Pacific University Press advances the Pacific University Libraries’ fundamental mission of making useful information openly available to our local and global communities. The Press is primarily a digital open access press, and this collection contains the open access editions of books published by the Press and its imprints.
Andrew Wesolek, Jonathan Lashley, and Anne Langley
We intend this book to act as a guide writ large for would-be champions of OER, that anyone—called to action by the example set by our chapter authors—might serve as guides themselves. The following chapters tap into the deep experience of practitioners who represent a meaningful cross section of higher education institutions in North America. It is our hope that the examples and discussions presented by our authors will facilitate connections among practitioners, foster the development of best practices for OER adoption and creation, and more importantly, lay a foundation for novel, educational excellence.
An Introduction to Technical Theatre draws on the author’s experience in both the theatre and the classroom over the last 30 years. Intended as a resource for both secondary and post-secondary theatre courses, this text provides a comprehensive overview of technical theatre, including terminology and general practices.
Introduction to Technical Theatre’s accessible format is ideal for students at all levels, including those studying technical theatre as an elective part of their education. The text’s modular format is also intended to assist teachers approach the subject at their own pace and structure, a necessity for those who may regularly rearrange their syllabi around productions and space scheduling.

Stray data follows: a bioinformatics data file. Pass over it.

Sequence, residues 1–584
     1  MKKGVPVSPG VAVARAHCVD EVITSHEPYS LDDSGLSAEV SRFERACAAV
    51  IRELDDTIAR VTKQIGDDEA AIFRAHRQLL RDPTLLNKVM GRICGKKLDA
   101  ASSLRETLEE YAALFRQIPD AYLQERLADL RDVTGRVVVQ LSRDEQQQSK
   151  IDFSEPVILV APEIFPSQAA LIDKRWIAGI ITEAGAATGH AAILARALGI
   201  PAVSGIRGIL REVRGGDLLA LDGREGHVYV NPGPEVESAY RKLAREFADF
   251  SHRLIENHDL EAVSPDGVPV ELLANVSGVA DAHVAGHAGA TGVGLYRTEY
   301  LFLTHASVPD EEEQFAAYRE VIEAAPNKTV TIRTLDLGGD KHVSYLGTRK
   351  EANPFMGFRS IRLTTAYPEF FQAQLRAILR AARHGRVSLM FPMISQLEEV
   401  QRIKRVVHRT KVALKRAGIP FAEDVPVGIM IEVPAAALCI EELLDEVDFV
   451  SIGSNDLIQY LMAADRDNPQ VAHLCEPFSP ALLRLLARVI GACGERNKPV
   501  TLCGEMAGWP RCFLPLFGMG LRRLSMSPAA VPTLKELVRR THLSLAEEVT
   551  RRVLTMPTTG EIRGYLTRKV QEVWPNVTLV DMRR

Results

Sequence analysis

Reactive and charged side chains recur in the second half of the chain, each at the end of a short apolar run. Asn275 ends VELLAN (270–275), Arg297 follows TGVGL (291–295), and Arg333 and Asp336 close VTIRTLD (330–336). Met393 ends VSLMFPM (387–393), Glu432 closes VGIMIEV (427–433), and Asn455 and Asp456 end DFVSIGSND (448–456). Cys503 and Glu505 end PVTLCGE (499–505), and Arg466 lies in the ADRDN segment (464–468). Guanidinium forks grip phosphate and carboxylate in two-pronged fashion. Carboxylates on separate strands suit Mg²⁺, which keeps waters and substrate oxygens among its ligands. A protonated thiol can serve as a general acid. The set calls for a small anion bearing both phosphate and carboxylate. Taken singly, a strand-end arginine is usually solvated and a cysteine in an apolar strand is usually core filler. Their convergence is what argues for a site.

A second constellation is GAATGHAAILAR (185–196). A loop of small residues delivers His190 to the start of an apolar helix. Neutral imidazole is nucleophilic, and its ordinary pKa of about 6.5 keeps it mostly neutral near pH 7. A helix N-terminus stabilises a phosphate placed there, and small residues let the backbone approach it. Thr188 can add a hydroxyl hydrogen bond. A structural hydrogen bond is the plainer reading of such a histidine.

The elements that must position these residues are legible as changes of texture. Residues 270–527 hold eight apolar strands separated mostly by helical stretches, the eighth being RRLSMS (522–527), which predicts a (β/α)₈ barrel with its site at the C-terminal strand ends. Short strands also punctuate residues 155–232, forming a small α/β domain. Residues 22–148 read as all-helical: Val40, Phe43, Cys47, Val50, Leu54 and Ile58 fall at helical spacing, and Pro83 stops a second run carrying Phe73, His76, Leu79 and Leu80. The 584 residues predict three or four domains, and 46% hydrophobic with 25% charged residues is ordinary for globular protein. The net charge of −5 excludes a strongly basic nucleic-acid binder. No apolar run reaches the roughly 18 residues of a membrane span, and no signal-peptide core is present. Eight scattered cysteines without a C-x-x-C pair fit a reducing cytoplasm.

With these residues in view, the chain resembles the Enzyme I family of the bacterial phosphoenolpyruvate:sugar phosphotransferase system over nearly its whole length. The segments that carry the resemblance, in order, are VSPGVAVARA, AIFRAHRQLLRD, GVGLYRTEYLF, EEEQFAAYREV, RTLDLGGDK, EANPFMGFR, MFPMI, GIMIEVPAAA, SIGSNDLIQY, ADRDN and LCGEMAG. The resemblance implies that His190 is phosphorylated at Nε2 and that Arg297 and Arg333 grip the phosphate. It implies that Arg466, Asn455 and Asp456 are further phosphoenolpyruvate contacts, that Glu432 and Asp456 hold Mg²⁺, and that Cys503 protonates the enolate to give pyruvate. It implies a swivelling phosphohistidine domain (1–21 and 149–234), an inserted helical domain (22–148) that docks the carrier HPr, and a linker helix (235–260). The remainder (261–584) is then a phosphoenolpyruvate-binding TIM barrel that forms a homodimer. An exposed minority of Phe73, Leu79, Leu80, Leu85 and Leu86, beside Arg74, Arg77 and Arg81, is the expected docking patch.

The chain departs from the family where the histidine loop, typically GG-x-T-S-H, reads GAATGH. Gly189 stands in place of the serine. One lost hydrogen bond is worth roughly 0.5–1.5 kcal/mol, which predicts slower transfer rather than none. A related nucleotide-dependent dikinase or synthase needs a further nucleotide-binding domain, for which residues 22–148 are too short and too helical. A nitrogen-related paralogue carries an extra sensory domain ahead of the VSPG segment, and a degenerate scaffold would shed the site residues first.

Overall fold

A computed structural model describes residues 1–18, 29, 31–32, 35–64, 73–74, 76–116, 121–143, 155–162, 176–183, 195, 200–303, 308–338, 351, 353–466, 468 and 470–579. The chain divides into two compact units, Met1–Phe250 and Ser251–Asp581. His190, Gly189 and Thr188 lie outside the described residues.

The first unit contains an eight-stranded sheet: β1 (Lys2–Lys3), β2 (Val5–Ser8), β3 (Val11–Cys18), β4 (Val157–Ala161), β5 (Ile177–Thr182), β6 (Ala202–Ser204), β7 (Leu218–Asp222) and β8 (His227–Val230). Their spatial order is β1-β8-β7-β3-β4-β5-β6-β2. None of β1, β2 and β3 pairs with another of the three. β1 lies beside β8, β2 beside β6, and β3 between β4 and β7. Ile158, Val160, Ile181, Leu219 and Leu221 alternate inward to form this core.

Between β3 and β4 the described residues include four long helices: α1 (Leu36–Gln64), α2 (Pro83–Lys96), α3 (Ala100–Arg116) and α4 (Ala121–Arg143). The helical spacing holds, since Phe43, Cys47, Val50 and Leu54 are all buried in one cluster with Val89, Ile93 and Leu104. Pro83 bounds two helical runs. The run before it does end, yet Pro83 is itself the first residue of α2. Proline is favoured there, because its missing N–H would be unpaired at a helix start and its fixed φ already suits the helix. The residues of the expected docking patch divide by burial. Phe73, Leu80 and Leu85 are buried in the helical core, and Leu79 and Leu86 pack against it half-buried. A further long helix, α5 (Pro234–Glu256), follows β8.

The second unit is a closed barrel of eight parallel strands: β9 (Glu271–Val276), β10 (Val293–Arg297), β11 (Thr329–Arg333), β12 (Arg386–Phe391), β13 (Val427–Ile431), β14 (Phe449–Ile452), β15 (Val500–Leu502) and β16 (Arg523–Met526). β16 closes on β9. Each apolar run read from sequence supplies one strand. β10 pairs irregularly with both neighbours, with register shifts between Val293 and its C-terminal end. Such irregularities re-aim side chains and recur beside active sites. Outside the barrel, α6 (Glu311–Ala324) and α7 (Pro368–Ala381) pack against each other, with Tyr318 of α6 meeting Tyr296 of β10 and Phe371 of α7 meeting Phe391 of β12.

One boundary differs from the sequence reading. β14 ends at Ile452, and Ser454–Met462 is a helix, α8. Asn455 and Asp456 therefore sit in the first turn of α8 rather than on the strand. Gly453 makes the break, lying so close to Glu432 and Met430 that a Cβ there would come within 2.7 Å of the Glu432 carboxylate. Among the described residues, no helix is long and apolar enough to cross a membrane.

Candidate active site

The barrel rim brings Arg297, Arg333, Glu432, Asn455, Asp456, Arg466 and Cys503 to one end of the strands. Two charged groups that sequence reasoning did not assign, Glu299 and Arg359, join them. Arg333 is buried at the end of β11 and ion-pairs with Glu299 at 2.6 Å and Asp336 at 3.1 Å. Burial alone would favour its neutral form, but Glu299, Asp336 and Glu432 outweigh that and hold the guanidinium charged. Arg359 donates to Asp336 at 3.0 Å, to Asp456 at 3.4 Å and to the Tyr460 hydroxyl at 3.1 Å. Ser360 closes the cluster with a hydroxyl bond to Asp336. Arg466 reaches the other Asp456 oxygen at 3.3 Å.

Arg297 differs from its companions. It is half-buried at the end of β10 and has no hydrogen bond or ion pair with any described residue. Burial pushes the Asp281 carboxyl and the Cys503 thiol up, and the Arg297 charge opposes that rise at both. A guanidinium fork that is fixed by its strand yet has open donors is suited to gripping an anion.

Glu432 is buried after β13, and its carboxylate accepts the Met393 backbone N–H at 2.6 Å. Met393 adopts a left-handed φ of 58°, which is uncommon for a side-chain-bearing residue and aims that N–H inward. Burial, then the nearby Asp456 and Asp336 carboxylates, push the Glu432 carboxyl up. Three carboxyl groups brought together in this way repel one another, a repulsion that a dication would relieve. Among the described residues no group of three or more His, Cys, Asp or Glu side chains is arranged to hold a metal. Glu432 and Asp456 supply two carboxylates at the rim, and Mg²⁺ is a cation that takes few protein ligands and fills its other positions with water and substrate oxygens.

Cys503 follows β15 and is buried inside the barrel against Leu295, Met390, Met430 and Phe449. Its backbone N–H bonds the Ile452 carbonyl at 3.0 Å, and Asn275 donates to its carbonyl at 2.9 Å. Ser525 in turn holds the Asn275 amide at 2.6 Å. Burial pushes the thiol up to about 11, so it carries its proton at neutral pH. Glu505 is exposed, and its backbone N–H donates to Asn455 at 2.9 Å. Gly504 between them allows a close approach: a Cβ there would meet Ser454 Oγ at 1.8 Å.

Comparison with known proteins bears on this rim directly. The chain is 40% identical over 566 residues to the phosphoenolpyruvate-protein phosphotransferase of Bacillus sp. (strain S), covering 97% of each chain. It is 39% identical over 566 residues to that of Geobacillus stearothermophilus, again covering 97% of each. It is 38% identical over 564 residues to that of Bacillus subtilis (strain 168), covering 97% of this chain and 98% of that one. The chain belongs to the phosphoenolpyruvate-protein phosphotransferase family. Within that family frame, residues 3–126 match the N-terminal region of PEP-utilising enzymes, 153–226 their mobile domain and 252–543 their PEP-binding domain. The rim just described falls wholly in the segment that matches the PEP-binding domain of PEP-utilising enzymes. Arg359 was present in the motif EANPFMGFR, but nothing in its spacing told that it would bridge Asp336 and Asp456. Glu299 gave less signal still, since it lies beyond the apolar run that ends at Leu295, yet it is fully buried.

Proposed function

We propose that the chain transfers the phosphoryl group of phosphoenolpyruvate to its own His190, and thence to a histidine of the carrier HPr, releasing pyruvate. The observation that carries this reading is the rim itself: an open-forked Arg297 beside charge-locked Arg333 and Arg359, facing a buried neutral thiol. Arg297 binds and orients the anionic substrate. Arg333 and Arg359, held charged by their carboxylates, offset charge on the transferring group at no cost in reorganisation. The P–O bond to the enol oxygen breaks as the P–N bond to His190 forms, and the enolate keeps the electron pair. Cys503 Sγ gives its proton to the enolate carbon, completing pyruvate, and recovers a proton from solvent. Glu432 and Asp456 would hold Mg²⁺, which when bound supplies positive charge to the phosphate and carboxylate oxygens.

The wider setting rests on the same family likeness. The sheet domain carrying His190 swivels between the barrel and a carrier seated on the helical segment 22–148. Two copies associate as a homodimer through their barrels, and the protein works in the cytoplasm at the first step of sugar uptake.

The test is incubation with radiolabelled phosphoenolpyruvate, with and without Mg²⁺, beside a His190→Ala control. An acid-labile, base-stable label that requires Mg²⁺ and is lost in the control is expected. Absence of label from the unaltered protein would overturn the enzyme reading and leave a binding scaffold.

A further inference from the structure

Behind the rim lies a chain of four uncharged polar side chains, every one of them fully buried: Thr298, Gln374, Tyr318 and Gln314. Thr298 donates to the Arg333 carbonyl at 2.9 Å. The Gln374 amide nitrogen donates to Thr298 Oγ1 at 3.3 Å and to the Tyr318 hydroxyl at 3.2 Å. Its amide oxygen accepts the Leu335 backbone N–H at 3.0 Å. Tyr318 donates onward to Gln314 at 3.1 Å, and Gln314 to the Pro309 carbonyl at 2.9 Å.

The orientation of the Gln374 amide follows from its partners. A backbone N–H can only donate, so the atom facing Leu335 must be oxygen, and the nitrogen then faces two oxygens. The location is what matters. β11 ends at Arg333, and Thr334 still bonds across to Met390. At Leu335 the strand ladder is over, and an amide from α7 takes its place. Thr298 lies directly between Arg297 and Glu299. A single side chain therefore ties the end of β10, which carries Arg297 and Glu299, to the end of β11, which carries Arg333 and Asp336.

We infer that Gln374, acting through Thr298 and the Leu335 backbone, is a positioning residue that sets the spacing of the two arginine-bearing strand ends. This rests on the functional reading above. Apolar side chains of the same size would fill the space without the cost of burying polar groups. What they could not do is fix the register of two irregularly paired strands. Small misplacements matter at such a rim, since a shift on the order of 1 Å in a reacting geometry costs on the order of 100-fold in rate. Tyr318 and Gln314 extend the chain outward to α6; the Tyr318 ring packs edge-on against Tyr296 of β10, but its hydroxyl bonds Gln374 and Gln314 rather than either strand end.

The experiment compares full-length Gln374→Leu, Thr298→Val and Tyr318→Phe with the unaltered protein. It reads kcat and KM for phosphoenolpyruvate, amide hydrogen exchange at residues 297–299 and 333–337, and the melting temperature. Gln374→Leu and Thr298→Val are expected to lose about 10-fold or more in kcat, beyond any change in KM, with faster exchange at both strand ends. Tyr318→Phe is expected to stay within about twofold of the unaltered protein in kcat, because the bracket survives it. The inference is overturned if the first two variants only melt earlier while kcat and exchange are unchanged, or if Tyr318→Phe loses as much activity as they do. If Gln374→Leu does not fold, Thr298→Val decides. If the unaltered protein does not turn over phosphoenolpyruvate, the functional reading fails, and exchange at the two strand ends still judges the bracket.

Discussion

Oregon Health & Science University seemed stuck in the backwaters of the nation’s academic health centers when Dr. Peter Kohler became its president in 1988. Its hospital hemorrhaged money, served rusty water from its faucets, and sometimes forced women in its cramped maternity ward to deliver babies in hallways. Legislators proposed bills to close it. State support for the university was on the decline as was maintenance on its aging buildings. Roofs leaked, walls cracked, and researchers struggled in dark, ill-equipped labs. So Kohler and his young administrative team came up with a radical plan to help OHSU take control of its fate as a semi-independent public corporation. And they sold the plan to the Legislature and state leaders. Free from constraints of the state and its university system, the health center’s creative and entrepreneurial power exploded. Over the next two decades, OHSU more than doubled its research, clinical and classroom space; tripled its employees; quadrupled its research grants; and expanded its operating budget five-fold, reaching the top echelon of the nation’s medical research universities. This remarkable story offers a case study and possible model for other public universities and academic health centers now facing the same social and economic forces that drove OHSU to transform.
- ISBN 978-0-9884827-9-1 (pbk)
- ISBN 978-1-945398-94-0 (epub)
- ISBN 978-1-945398-98-8 (hbk)